January 10: Russ Little and Joe Remiro are stopped and arrested by a traffic cop; S.L.A. weapons and propaganda are found in their possession. Nancy Ling Perry sets fire to the safe house in Concord, and the S.L.A. members go underground. Police find the house scorched but not burned down, leaving a significant amount of evidence.
February 4: Hearst newspaper heiress Patricia Campbell Hearst, a 19-year-old Berkeley student, is kidnapped. Three members of the S.L.A. force their way into her apartment, badly beating her fiancé Steven Weed and abducting Hearst. Her armed kidnappers will keep her locked in a closet for the first part of her ordeal.
February 5: Reporters gather at the Hearst family's mansion in a wealthy San Francisco suburb, Hillsborough, to follow the kidnapping story and interview Patty's parents.
February 6: A letter arrives in the mail at Berkeley's listener-supported KPFA radio station. A "communiqué" from the S.L.A., it states that the group has Hearst, but includes no ransom demands.
February 12: In a recording delivered to KPFA radio, Patty Hearst tells her parents that she is okay. Donald DeFreeze -- "Cinque" -- makes a demand for food to be distributed to poor people in the area and throughout the country.
February 13: Speaking to reporters camped outside his house, Patty's father, Randolph Hearst, replies to the S.L.A. demands, saying they are "impossible."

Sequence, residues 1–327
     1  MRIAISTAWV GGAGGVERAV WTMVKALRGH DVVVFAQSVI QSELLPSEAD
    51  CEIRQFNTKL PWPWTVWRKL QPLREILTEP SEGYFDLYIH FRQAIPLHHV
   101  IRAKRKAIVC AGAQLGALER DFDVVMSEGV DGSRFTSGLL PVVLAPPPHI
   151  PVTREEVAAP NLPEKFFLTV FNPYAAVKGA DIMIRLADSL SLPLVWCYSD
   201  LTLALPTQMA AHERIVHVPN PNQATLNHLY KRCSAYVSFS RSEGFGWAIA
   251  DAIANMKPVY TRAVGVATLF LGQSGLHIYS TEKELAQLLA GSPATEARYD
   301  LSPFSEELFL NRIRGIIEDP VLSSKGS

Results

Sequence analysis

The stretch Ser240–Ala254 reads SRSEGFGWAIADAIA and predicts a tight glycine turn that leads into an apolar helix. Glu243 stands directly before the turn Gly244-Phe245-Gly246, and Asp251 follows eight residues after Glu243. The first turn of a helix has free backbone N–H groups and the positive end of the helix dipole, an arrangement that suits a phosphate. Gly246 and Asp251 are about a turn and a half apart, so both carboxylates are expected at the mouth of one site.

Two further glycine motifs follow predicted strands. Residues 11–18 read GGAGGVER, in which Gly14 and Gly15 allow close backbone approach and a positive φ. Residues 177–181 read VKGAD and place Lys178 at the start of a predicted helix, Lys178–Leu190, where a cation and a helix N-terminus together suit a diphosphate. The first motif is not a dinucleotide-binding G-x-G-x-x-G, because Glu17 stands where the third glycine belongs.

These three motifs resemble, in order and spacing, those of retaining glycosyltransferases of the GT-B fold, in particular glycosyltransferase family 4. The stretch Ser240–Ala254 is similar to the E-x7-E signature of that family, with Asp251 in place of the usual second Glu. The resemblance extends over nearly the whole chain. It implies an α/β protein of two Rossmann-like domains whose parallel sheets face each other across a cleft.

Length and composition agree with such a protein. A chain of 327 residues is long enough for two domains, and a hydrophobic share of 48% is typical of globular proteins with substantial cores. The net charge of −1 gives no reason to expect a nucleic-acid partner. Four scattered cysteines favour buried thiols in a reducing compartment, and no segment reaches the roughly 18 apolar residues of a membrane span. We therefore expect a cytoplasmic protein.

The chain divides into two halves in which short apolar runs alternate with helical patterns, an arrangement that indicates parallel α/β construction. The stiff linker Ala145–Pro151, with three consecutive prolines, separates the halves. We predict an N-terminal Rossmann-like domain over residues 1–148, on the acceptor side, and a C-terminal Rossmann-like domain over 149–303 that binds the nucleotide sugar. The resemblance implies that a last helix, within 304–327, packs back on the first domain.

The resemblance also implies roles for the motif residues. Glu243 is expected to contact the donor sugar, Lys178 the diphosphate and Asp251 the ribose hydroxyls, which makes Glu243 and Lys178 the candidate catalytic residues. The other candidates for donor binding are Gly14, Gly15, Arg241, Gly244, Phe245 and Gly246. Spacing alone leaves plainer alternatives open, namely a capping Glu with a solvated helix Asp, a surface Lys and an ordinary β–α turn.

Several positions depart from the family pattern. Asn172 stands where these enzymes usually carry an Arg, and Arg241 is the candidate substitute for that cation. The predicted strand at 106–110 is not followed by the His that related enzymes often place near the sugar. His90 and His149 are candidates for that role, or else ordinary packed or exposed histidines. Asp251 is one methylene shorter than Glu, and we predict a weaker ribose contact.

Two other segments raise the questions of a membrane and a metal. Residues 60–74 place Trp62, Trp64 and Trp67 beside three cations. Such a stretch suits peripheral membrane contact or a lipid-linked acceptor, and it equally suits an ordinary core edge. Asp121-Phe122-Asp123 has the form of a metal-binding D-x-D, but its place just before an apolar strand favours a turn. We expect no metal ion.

February 16: In a second tape recording, Patty asks her parents to "stop acting like I'm dead." DeFreeze says that the S.L.A. is looking for "a good faith gesture." Hearst is trapped in a "catch-22" by his daughter's statement, "whatever you come up with is basically okay."
February 19: Hearst announces that he will create People in Need (P.I.N.), a food distribution program. P.I.N. director Ludlow Kramer expects that the program will be able to feed 100,000 people for twelve months with $2 million.
February 20: Patty Hearst's 20th birthday. On a third audio tape, DeFreeze repeats his earlier statement that Hearst's contribution should reflect both Hearst's capabilities and the need of the people. He demands that the amount be increased to $6 million. He also demands that Hearst prove that he will stop committing "crimes" against "the people."
February 22: The first day of food distribution for People in Need ends in riots. Randolph Hearst states that $6 million is beyond his capabilities. "The matter is now out of my hands," he says. His representative makes an offer to pay $2 million upon the immediate release of Patty Hearst and an additional $2 million in January 1975.
February 28: The second P.I.N. food distribution has far fewer problems than the first. Ludlow Kramer will later recall that the program gave away $30,000 of top-quality food.